Welcome to my e-update

In this update, you will find information regarding the Assembly session, my testimony on Assembly Bill 142 and 143, artwork in our office, the date of my next budget listening session, and more.

Assembly Session

 Representative Rozar giving her maiden speech

This week in session I had the opportunity to give my first speech on the floor of the State Assembly (you can view that speech here: https://youtu.be/BpAYNbS9JlU).  This speech was in regards to Assembly Bill 89, requiring the Governor to submit to the legislature, a plan for state employees to return to in-person work at the offices of their agencies.  Additionally, the State Assembly passed 10 bills and three resolutions. 

Representative Rozar receiving congratulations after her maiden speech on the State Assembly floor

  • AB 15 - Relating to educational qualifications for certified public accountants
  • AB 23 - Relating to prohibiting certain government officials from mandating vaccination against the 2019 novel coronavirus
  • AB 24 - Relating to closure of and forbidding gatherings in places of worship
  • AB 25 - Relating to prohibiting mandatory vaccination for employment
  • AB 76 - Relating to monitoring extension and outreach hours of certain University of Wisconsin System faculty and academic staff who provide extension services in applied agricultural research 
  • AB 89 - Relating to return to in-person work for state employees
  • AB 113 - Relating to modifications to legal custody or physical placement contingent upon a future event
  • AB 149 - Relating to legislative oversight of federal COVID-19 funds
  • SB 39 - Relating to participation in interscholastic athletics and extracurricular activities and school district membership in an interscholastic athletic association in the 2021-22 school year
  • SB 110 - Relating to applications for full-time open enrollment
  • AR 15 - Relating to directing the Assembly Committee on Campaigns and Elections to investigate the administration of elections in Wisconsin
  • AJR 10 - Relating to reaffirming Wisconsin's commitment to the strengthening and deepening of the sister ties between the State of Wisconsin and Taiwan; supporting Taiwan's signing of a Bilateral Trade Agreement (BTA) with the United States; and continued support for increasing Taiwan's international profile.
  • AJR 13 - Relating to celebrating March 25, 2021, as the 200th anniversary of Greek independence

For your information, if you click on the bill number you will be able to read the bill in its entirety. 


Representative Rozar giving testimony on Assembly Bill 142

 On Thursday, I gave testimony to the Assembly Committee on Children and Families on Assembly Bills 142 and 143, for both of which I was the Assembly Author.  These pieces of legislation are required for the State of Wisconsin to continue receiving federal funding through the federal Child Abuse Prevention and Treatment Act (CAPTA) and the Family First Prevention Services Act (FFPSA).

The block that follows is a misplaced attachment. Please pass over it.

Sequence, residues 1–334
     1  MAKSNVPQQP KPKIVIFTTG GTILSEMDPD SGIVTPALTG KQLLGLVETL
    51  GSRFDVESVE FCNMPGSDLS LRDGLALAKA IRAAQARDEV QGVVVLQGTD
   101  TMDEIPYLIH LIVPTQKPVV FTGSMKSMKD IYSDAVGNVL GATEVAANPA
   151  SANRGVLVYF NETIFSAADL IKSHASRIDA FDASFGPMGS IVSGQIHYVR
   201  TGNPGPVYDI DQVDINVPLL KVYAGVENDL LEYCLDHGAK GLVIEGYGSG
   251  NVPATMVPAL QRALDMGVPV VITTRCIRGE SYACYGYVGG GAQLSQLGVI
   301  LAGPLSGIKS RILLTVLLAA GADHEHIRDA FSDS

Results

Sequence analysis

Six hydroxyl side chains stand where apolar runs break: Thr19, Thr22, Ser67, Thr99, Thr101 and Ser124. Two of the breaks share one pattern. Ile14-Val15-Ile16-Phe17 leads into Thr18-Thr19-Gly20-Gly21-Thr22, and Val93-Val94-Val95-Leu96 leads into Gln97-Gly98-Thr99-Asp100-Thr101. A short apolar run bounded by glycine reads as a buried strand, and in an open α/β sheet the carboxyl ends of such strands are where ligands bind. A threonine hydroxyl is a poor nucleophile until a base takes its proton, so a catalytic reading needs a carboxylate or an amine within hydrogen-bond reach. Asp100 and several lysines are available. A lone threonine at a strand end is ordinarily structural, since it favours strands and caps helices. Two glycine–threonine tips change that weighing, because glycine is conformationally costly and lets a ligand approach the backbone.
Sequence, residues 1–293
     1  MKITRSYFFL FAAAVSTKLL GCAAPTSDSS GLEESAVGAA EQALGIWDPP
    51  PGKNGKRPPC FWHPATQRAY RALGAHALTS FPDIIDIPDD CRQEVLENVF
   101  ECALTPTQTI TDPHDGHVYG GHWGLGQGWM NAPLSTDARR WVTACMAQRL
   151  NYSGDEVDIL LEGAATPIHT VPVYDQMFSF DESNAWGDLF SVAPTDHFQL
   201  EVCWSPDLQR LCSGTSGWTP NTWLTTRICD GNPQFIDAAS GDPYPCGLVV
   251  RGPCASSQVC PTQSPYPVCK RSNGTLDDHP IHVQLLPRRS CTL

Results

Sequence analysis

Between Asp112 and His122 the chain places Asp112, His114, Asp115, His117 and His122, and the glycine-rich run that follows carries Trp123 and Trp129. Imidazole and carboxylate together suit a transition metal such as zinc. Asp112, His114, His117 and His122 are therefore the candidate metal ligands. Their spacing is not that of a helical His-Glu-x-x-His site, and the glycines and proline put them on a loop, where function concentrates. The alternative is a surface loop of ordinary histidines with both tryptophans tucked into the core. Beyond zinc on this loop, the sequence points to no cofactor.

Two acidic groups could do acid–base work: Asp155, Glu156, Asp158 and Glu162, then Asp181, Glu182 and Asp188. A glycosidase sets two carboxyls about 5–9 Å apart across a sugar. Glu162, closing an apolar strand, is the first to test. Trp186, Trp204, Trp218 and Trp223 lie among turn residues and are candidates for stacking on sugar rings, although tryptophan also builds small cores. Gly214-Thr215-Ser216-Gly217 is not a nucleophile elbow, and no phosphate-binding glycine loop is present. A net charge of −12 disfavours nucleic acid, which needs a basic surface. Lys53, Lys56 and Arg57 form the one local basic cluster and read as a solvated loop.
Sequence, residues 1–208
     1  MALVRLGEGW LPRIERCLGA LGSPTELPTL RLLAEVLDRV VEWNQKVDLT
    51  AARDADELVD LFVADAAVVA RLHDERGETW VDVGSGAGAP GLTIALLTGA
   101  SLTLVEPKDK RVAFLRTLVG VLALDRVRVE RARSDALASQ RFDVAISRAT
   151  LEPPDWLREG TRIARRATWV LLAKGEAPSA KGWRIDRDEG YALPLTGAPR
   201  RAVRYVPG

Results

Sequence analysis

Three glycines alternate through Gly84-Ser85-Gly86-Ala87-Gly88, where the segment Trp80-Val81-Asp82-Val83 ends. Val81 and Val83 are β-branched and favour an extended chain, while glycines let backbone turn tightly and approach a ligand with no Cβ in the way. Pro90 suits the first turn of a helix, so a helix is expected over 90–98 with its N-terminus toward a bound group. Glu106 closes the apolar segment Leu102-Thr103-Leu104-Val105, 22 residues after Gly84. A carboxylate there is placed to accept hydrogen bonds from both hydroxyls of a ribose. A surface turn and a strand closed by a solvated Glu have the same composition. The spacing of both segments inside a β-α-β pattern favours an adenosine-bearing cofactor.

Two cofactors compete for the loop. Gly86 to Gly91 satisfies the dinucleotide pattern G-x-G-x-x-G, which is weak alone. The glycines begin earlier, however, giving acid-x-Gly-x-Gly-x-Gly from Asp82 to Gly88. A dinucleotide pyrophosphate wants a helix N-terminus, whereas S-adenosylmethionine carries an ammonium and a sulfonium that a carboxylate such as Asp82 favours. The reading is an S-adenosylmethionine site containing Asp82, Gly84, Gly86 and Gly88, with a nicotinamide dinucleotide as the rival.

• AB 142 - Relating to immunity from liability resulting from good faith actions under the child abuse and neglect reporting law. 

 This Bill makes a couple additions to the current law in Wisconsin regarding good faith immunity relating to Child Protective Services (CPS) reports.  These additions are required for Wisconsin to continue receiving federal funding.  The specific additions are:

  1. Adds that immunity extends to persons who, in good faith, assist in medical examinations of a child or expectant mother, and 
  2.  Adds that immunity extends to persons who, in good faith, otherwise provide information, assistance, or consultation in connection with a report, investigation, or legal intervention.

 Wisconsin received $1.5M in CAPTA funding in 2019 and is required to come into compliance with this provision by September 30, 2021.

  • AB 143 - Relating to Qualified Residential Treatment Programs (QRTP) and granting rule-making authority.

In 2018 the federal Family First Prevention Services Act (FFPSA) was passed.  FFPSA alters the type of congregate care settings that are eligible for Title IV-E child welfare funding.  QRTP is the only type of congregate care setting eligible for Title IV-E funding under FFPSA.  Wisconsin must enact provisions that will allow for the creation of QRTPs to preserve the opportunity to claim federal Title IV-E funding for congregate care placements after September 29, 2021.  Wisconsin received $8.2M in 2019 and $8.3M in 2020 for Title IV-E congregate care placements.  

 For your information, if you click on the bill number you will be able to read the bill in its entirety. 


 This week we were able to add some beautiful artwork to our office from the Wisconsin Historical Society.